Object name: 2003DZ15

Designation(s): 2003DZ15,

2003DZ15 made a "close" pass by the Earth at the end of July 2013. That is, if you consider 2.1 million miles close. Unfortunately, it was cloudy that and the following night. The weather was poor the night before but I did manage to get 20 two minute frames through a semi-gap in the clouds. The asteroid was 90,000 miles further away but slightly brighter due to it moving toward the sun so we were seeing less of its sunlit side each night. The difference was only a tenth of a magnitude. When dealing with a 17th magnitude object that's not all that great a difference. Thanks to the clouds and haze between clouds it appears even fainter in my movie.

I used some rather harsh processing to try and make the star trails look rather even. In the raw data, they varied greatly in intensity as the obscuring clouds changed their brightness rather rapidly. I first normalized on the asteroid to keep it rather constant then selected the star trails for repair efforts. Only the brighter were worked on so the faint trails have lots of breaks. Fortunately, they go by fast enough my eyes don't notice this unless I stop on a frame. The asteroid was moving at 46.9 seconds of arc per minute. This, however, did change by about a half second of arc per minute during the 40 minute run. Since The Sky only tells the mount the orbital motion offset at the start of the run and that started about ten minutes before I began the movie run as I was waiting for clouds to clear, the asteroid does drift slightly during the movie. Note that south is up in this movie rather than my normal north up. The movie seemed more "natural" that way.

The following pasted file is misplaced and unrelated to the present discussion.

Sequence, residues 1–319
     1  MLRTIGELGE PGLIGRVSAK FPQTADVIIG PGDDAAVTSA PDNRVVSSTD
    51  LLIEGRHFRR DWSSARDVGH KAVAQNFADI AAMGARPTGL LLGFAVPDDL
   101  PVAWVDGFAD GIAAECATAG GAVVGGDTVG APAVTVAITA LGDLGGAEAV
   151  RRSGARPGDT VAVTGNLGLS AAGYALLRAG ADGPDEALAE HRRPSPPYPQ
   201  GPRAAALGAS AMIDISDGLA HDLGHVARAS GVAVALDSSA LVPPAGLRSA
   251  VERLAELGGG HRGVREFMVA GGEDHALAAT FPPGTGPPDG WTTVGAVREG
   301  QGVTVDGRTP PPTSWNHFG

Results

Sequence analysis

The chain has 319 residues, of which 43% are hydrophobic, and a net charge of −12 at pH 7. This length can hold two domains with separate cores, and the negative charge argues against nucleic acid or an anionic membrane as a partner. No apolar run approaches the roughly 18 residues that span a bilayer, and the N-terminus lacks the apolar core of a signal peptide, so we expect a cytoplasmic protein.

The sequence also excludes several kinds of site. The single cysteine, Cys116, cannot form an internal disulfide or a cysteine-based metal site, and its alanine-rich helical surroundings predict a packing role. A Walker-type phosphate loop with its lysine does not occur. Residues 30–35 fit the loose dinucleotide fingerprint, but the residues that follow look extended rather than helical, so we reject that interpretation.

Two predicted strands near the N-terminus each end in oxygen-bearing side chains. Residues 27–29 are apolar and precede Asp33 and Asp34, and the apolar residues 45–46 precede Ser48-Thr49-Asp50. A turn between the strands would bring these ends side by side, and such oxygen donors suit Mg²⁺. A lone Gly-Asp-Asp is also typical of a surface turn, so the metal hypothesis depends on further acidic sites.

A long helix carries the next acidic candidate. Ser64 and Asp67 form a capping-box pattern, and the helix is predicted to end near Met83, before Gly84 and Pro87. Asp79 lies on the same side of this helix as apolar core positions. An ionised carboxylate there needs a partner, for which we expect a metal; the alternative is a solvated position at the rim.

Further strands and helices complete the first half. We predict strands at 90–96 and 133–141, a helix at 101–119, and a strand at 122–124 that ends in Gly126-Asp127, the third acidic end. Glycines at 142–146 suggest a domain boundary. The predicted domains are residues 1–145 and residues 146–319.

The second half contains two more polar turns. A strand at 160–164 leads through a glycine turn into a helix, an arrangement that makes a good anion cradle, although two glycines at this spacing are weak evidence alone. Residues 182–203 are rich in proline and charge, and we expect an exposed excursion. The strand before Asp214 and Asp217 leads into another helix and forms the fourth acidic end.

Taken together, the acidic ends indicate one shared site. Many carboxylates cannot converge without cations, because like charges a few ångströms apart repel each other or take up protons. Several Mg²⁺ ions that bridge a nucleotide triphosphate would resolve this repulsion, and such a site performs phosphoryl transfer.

While it was taken at 1.5" (binned 3x3) per pixel I've reduced it to 3" per pixel for the movie to keep the file size reasonable. Though you can run it full screen and get a better view. It survives this enlargement surprisingly well thanks to the lack of any detail to be resolved. You might want to set your viewer to auto-repeat as it runs 40 minutes of time in 4 seconds.

14" LX200R @ f/10, 20x2'x3, STL-11000XM, Paramount ME

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